As for the ability of investigators to determine with a certainty who manufactured and launched these particular devices, that may never be determined. The same goes for provenance of the nerve agent, itself. The best detailed treatise on Sarin, its manufacture, characteristics, and its effects and forensic details, in Syria is by Dan Kazseta, a US Army Chemical Corps veteran and consultant, available here (fairly long, but all informative):

http://newsmotion.org/author/noreplybloggercom-brown-moses?page=1

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Response to leveymg (Reply #28)

Tue Aug 27, 2013, 12:21 AM

29. Sarin is toxic in small amount IF IT GETS INTO THE LUNGS

It takes a good bit more to penetrate the skin. Thus a Protective Mask (What the US Army calls a "Gas Mask") is all that is needed if the concentration is not to heavy. You need a Chemical suit if the concentration is heavy. Regular clothes can prevent Sarin from being absorbed into the skin. A complete Chemical suit would be better, but only needed if the Sarin is truly concentrated.

Home made rockets are NOT accurate enough to provide the needed concentration. One Rocket may have enough chemical to kill off all the insects in the area, but most humans will have no short term effect if they have some sort of mask to prevent the Sarin from getting into their lungs. You need many rockets and these home made rockets will tend to spread the Sarin around to much to be effective.

Side note: Do you know what is the main difference between Nerve gas (including Sarin) and Insecticide? Concentration. There are technical differences, but not enough to make any real difference if the concentration is to low or to high. The reports on Nerve gases say there are important differences between the nerves of Mammals and Insect, but that is poppycock, it is all the same nerve endings. Mammals being larger can withstand a larger dose, that is the big difference.

http://en.wikipedia.org/wiki/Nerve_agent#G-Series

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Response to leveymg (Reply #10)

Mon Aug 26, 2013, 12:56 AM

12. No the shell thickness would be less in chemical shells

As to fragments, that is a different story. Given the LACK of explosives in Chemical Shells, when we were trained in chemical warfare defense, we were told to listen for shells that sounded "Weaker" then a normal artillery shelling. The Explosives in such shells are just powerful enough to rip open the metal case, unlike high explosives shells that are design to rip those shell cases to pieces, for each piece became a weapon in itself.

Thus there should be a lot of evidence of the use of Chemical shells, the shell casings and parts of those casings would be everywhere. Unlike High Explosives where you may only find some very small parts of metal 20-100 yards away from the impact point.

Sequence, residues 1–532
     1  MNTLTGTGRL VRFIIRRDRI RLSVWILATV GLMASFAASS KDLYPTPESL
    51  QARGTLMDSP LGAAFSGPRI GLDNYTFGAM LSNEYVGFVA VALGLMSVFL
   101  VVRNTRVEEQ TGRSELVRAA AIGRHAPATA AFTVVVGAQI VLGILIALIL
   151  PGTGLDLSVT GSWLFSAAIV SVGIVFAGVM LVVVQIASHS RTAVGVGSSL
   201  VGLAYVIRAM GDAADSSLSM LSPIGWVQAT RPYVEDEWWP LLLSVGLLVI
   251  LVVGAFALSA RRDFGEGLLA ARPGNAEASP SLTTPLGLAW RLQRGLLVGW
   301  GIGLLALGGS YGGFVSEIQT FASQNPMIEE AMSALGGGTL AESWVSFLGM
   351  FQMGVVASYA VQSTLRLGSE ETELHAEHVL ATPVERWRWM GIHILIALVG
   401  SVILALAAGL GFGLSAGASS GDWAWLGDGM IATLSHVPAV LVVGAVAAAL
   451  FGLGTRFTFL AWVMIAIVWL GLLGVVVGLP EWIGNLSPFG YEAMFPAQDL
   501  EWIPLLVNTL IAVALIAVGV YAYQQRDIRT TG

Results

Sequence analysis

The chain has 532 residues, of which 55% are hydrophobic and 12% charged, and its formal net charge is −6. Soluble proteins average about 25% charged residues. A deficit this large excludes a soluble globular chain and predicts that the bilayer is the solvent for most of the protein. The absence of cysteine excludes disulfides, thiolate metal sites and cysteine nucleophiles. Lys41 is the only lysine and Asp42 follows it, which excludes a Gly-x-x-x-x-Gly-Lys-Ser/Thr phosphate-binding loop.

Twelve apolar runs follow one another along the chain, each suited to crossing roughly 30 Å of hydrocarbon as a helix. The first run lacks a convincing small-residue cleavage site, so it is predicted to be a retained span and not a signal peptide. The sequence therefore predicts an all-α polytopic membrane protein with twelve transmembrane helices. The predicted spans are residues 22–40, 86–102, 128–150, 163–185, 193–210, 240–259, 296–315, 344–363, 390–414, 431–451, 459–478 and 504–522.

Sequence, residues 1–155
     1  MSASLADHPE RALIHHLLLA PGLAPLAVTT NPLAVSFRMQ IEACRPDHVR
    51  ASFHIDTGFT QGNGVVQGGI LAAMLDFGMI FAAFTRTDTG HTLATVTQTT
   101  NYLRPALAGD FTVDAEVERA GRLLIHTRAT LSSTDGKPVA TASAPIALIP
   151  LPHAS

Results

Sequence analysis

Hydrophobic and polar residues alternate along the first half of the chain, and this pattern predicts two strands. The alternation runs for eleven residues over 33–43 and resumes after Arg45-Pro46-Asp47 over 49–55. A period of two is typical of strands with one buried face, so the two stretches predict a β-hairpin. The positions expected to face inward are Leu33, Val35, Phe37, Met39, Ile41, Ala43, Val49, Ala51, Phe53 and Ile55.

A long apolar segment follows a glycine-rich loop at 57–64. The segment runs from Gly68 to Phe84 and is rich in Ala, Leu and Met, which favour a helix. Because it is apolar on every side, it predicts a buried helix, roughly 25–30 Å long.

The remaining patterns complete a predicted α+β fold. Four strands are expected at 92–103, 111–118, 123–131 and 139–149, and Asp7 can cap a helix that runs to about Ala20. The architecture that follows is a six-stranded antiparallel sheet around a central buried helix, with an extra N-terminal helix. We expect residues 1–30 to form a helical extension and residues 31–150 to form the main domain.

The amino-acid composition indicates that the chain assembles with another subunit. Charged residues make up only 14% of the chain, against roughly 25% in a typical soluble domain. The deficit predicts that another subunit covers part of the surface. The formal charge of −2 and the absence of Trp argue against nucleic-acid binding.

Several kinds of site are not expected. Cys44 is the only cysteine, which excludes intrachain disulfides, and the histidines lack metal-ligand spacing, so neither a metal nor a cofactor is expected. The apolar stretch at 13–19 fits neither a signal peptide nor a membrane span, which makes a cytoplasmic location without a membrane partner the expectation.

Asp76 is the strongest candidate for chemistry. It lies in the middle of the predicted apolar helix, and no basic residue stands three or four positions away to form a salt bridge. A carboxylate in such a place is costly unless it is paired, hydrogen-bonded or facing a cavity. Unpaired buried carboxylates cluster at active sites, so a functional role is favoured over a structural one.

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Response to happyslug (Reply #12)

Mon Aug 26, 2013, 01:27 AM

14. That's exactly my point - investigators would be able to see from the larger fragments that chemical

rounds had been used on target. Those fragments wouldn't likely be obliterated by other HE rounds, unless the HE round hit virtually ontop of the chemical shell fragments.

Here's a source for my assertion that the wall thickness of chemical shells is generally thinner, and a trained eye can easily spot the differences between the two types of fragments, even if the unexploded round is virtually identical (except for painted markings) on the outside. http://cartridgecollectors.org/?page=introduction-to-artillery-shells-and-shell-casings

Chemical Shells

Chemical shells include smoke shells, teargas shells, and poison gas shells. Typically chemical shells are the same shapes as explosive shells. However, chemical shells tend to have thinner walls. They also, typically, have a central tube containing a bursting charge that is surrounded by the chemical payload. Smoke shells are used to provide smoke screens. Smoke shells may be the burning type such as HC smoke shells or the bursting type such as white phosphorous (WP) smoke shells. Gas shells may also be either burning or bursting types. Teargas shells tend to be the burning type. Poison gas shells are normally the bursting type. Poison gas shells deliver poison to kill or incapacitate troops. Early versions contained the actual poison gas as the payload; later shells contain two separate nonpoisonous chemicals that are mixed upon the functioning of the shell and create a poison. Figure 33 shows US WWI period markings for chemical shells. Figure 34 shows photos of chemical shells.

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Response to Jesus Malverde (Original post)

Sun Aug 25, 2013, 11:03 PM

6. We know who did it

We just can't prove it.

When have I heard that before?

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Response to daleo (Reply #6)

Mon Aug 26, 2013, 10:16 AM

19. +1 nt

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Response to daleo (Reply #6)

Mon Aug 26, 2013, 12:18 PM

24. Evidence is coming in. Check my post here for links that have details:

http://www.democraticunderground.com/10023524905#post66

There is a more recent post about over 300 people in the hospitals with signs of neurotoxic poisoning That is some \evidence, as well. If you go to the links, there are numerous stories linked to them.

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Response to Jesus Malverde (Original post)

Sun Aug 25, 2013, 11:05 PM

7. "The absence of evidence..." er, how does that go again?

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Response to Jesus Malverde (Original post)

Mon Aug 26, 2013, 10:28 AM

20. anyone who suffocated to death from that 'gas' still has a lung full. test the dead.

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Response to Sunlei (Reply #20)

Mon Aug 26, 2013, 10:32 AM

21. give the shell pieces to those who lifted dna/finger prints off the boston bombers mess.

find the corp who sold that crap and look at their payment info.

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Response to Sunlei (Reply #20)

Mon Aug 26, 2013, 10:32 AM

22. that's what the rebels are doing. they sent out samples for testing.

edit- yes, I know that doesn't prove who did it.